Do I have to pay tax on shares and stocks in the UK? Find out if you have to pay tax on investments and how you can mitigate your tax liability legally.
So, you are thinking of diving into the world of investment and grabbing a few shares in innovative tech startups or environmental companies? You’re not alone as many people can now take advantage of platforms that make trading accessible to anyone without the need for a personal broker.
You don’t even need to know your stuff anymore to make money in the markets thanks to copy trading, which is essentially a way of copying the moves experts make automatically. These trader *might* make you a profit with your eyes shut, but what they can’t help you with is the tax you could have to pay on share profits.
Yes, any profits you make on trading stocks and shares are subject to taxation. There two types of tax that could be applied to you through making money with stocks and shares. These are Capital Gains Tax (CGT) and Dividend Tax.
Capital Gains Tax is a way of taxing your profits from selling the shares back to the broker (or online platform). For example, if you bought shares for £10,000 and sold them years later for £30,000, you will have made a capital gain of £20,000. Some fees are likely to be deducted but to keep things easy, we will assume that the gain is £20,000.
Everyone in the UK has an annual CGT allowance of £12,000 in 2020, meaning we can make a profit from selling shares (and other valuables combined) up to £12,000 without having to pay tax. The amount above this, in the case of our example £8,000, will be subject to CGT.
The amount of tax you pay on profits above £12,000 is either 10% or 20% depending on whether you pay a basic or higher rate of tax. Thus, you could end up paying £800 or £1,600 tax on your £20,000 profit from selling shares.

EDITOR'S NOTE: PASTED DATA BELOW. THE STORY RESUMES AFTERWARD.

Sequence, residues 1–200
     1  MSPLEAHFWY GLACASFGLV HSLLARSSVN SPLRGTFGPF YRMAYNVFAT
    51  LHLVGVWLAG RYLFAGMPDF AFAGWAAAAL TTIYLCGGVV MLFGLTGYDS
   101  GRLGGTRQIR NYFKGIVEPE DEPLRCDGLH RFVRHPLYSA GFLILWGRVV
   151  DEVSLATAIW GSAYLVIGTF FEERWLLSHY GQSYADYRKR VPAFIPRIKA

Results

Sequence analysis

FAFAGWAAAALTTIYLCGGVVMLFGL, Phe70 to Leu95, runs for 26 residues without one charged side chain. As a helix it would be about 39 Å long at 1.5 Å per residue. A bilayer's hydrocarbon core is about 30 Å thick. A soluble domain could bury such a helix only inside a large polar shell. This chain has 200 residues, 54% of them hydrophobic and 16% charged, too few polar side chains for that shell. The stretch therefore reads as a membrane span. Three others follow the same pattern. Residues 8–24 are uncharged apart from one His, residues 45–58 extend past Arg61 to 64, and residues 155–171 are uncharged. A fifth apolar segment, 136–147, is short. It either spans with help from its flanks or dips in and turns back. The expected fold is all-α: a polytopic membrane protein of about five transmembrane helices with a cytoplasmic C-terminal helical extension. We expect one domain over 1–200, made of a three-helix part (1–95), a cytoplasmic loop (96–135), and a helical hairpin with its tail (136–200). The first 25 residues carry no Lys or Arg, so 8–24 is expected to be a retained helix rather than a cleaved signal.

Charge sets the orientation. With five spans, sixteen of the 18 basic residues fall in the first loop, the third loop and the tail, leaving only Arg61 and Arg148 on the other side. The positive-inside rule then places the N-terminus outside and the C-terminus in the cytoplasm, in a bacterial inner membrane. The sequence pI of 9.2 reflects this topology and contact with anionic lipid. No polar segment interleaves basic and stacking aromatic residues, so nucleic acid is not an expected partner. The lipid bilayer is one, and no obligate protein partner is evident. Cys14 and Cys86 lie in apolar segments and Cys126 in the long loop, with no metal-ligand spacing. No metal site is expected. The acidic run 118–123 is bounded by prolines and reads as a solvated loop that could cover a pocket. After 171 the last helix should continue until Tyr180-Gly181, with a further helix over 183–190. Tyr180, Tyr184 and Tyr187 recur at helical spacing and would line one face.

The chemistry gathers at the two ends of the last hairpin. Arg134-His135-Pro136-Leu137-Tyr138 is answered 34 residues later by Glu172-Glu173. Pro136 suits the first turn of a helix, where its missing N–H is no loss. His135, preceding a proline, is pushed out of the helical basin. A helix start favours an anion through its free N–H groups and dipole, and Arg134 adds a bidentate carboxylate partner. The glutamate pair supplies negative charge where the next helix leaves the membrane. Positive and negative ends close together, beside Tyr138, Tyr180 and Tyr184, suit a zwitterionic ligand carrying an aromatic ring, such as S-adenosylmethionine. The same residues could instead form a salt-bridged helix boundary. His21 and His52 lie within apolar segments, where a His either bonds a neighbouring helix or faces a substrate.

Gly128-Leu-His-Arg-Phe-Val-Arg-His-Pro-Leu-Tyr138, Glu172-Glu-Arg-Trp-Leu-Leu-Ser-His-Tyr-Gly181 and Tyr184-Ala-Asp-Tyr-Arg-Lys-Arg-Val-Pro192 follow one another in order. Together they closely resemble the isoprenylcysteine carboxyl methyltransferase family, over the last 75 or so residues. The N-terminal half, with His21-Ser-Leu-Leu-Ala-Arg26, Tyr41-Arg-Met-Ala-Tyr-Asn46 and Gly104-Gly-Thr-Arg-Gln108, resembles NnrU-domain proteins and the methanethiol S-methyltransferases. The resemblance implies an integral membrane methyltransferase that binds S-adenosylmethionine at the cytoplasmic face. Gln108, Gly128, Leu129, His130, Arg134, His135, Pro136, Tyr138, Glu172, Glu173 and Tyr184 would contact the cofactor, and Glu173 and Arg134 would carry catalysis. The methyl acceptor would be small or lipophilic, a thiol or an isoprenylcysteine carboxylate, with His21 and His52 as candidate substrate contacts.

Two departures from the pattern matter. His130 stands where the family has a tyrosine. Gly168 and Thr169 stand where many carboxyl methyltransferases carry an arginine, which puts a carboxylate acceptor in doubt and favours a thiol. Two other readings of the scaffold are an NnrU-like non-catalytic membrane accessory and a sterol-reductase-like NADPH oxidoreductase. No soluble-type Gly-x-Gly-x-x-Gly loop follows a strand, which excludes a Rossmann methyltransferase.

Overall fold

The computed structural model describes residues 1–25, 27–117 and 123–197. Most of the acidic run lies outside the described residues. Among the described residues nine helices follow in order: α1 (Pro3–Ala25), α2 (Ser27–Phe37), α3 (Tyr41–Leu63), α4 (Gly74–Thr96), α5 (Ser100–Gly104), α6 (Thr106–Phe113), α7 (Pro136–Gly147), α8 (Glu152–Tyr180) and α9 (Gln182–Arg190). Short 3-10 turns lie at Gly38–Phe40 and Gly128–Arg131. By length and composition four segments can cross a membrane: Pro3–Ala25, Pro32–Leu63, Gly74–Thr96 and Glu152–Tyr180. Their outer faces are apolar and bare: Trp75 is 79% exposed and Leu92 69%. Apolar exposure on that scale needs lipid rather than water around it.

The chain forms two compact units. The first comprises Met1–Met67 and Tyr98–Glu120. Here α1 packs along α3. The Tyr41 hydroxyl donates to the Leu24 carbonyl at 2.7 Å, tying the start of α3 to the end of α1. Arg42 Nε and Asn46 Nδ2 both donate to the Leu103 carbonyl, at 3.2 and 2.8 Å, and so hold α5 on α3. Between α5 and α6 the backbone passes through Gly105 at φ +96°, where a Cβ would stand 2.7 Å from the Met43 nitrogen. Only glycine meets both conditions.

Dividends are occasional payments made from a company to people who own their stocks and shares. Dividend payments are not always offered because profits are reinvested rather than shared out between shareholders.
However, sometimes people can receive dividend payments from the shares they own, and this will be subject to a special dividend tax.
Just like everyone gets a CGT allowance each tax year, the same happens for dividends. At the time of writing, everyone receives a dividend allowance of £2,000 each financial year. So, if you receive a single dividend payment below £2,000, you won’t owe any tax on it – but you still have to declare it!
Any money above this allowance is subject to a basic rate of 7.5% or a much higher rate of 32.5%. For example, if you received £4,000 in dividend payments you could end up paying £150 or £650 in dividend tax, respectively.
Profits from shares are only subject to tax in the financial year that you make a profit on them. For example, if you bought shares in 2020 but didn’t sell them for a profit until 2023, you will only need to declare the income for CGT purposes in 2023.
If you receive a dividend payment from owning stocks and shares, the dividend payment will be subject to tax in the tax year it was received. In the example above, you might not sell the shares in 2021 but you might receive a dividend payment from owning the shares in 2021. That income will be subject to tax in 2021 only.
There are legal ways to reduce the amount of tax you pay on investment profits. For example, you could use a stocks and shares ISA or contribute to a SIPP.
For more information and help with tax on shares and stocks, reach out to our team at Yorkshire Accountancy!
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